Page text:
Using life-giving symbolism and creative ways of staying connected, Margaret River Uniting Church, like many congregations at the moment, are finding new ways to be church during the COVID-19 crisis.
With churches not able to physically meet, not only Sunday worship has been affected, but pastoral care systems have also been reviewed. Margaret River Uniting Church is working as a team to make sure no-one falls through the cracks – with a ‘buddy system’.
The buddy system has been used the world over to support people through all sorts of challenges, from kids starting out at school to potentially dangerous situations like rock climbing or hiking.
Pairing people up so they can help each other out, look out for each other and offer encouragement is an effective way to remind us that we’re all in this together.
Kay Dowling, Chair of the Margaret River Uniting Church Council, said the Buddy System they’ve set up is for everyone in their church, including people who may not come to Sunday morning worship regularly but who are connected in other ways.
“Each person is assigned a buddy and we’ve got about ten people being those buddies,” she said. “We’ve also considered couples; we haven’t necessarily given couples the same buddy.
“The idea is that they just ring up and say ‘hi, how’re you going?’ and ‘how’re you managing?’ and try and see what needs are coming through.”
Where more pastoral care is needed – to people who may be unwell, have family or friends who are affected by the virus, or for any other pastoral care issues which come up during this time of physical distancing – chaplaincy will be offered.
Kay said that while the congregation is lucky to have some members who are retired ministers, it doesn’t have to be a minister who offers the chaplaincy, but it needs to be someone who is able to attend to serious pastoral matters.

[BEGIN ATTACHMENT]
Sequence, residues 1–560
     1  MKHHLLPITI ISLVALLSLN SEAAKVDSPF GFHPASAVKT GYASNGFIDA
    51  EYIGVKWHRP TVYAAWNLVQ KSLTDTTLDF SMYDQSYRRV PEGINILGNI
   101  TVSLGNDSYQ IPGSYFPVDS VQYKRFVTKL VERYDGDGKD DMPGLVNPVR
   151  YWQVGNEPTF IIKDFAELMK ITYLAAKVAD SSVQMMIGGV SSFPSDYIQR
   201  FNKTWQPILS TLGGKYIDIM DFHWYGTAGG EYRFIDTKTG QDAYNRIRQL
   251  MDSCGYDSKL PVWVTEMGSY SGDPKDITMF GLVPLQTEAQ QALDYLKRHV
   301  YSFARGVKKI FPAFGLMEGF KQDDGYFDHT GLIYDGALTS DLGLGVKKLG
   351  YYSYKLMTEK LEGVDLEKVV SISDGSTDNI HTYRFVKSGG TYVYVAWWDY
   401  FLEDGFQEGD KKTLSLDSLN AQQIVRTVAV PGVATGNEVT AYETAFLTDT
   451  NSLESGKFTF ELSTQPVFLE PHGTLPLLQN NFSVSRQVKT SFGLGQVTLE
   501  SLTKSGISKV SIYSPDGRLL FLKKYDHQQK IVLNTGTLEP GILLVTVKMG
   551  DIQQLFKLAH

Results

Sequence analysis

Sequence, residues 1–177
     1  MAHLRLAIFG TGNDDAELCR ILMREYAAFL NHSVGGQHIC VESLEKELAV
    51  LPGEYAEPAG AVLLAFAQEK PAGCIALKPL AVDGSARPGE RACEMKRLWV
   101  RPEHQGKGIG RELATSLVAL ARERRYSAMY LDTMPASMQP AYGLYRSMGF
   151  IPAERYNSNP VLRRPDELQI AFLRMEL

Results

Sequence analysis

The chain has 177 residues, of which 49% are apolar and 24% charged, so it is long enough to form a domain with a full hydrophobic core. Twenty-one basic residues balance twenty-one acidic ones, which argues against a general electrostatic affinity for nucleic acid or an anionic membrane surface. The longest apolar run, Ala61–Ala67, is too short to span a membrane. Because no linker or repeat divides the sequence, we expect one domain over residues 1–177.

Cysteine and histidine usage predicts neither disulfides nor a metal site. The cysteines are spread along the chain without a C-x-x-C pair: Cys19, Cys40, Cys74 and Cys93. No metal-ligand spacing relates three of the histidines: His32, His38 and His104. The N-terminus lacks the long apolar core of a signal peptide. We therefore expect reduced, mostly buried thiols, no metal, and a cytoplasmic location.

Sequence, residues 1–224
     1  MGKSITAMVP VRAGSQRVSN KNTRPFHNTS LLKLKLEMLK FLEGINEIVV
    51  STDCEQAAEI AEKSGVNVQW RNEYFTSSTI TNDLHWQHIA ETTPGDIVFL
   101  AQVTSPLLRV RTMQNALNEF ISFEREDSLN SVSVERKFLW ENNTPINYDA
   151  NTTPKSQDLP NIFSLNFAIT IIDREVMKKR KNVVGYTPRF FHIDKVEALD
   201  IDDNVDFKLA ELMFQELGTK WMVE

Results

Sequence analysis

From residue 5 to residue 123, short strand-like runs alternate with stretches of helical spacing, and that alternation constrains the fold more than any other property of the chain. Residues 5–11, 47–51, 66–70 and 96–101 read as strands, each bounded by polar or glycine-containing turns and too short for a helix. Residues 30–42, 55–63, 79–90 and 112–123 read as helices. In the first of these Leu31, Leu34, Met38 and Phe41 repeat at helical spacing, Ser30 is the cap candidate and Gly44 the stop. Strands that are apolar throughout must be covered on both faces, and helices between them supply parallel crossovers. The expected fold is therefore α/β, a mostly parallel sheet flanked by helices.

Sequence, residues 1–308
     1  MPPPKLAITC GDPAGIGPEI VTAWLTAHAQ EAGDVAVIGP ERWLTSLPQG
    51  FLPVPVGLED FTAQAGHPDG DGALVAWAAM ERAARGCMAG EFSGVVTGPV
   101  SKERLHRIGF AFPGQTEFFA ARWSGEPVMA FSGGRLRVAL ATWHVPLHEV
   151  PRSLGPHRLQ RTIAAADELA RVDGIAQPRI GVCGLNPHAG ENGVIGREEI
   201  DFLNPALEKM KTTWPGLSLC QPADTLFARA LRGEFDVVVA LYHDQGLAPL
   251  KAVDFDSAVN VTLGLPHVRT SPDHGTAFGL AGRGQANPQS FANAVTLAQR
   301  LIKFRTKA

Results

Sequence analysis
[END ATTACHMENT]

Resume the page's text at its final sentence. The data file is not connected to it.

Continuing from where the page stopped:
For personal reflections, an email prayer chain has been established by Muriel White, a member of Margaret River Uniting Church. The prayer chain will aim to share uplifting prayers and has attracted some people from the community who don’t come to church on a Sunday, but who want to be connected in prayer. If you’d like to join the list, email Muriel email@example.com.
The congregation are also offering online and hardcopy worship resources. Online, Rev Don Dowling, member of the congregation and also a retired Uniting Church WA Minister, is preparing short video devotions, including hymns with footage of their pianist. The videos, as well as video resources for Easter, can be found here.
Finally, a hard-copy letter was sent to members and others who have a connection with the church, inviting them to join them in lighting a Christ candle in their homes each Sunday, and to take part in the worship resources.
The candle, Kay said, is an important routine for them to keep, as it is a life-giving symbol for the congregation.
“It’s really important to have symbols and for us, as Christian people, [the Christ candle] is our key symbol – and the cross of course,” Kay said.
“When people get really anxious or terrified, they actually need to remind themselves who they are. And that can be really basic.
“For us, the Christ candle is the life-giving symbol.”
Kay said the church in Margaret River has an important role to play in providing stability in a time of uncertainty.
“We’re attending to current needs and we also want to take a long view,” Kay said. “Because one day the virus impacting our lives will be over, and we want to be able to do our part to be in the community growing strong together again.
“The actual virus itself is very serious. We have a really great impact on all families and all people who live alone and that that impact is in so many different ways. We’re in unprecedented times and it has an overwhelming uncertainty to it.
“When there’s a lot of fear and terror – which we’re seeing all around us every day – finding ways to be grounded is really important.
“I hope the things we’re doing will give the opportunity for some grounded-ness within that uncertainty.”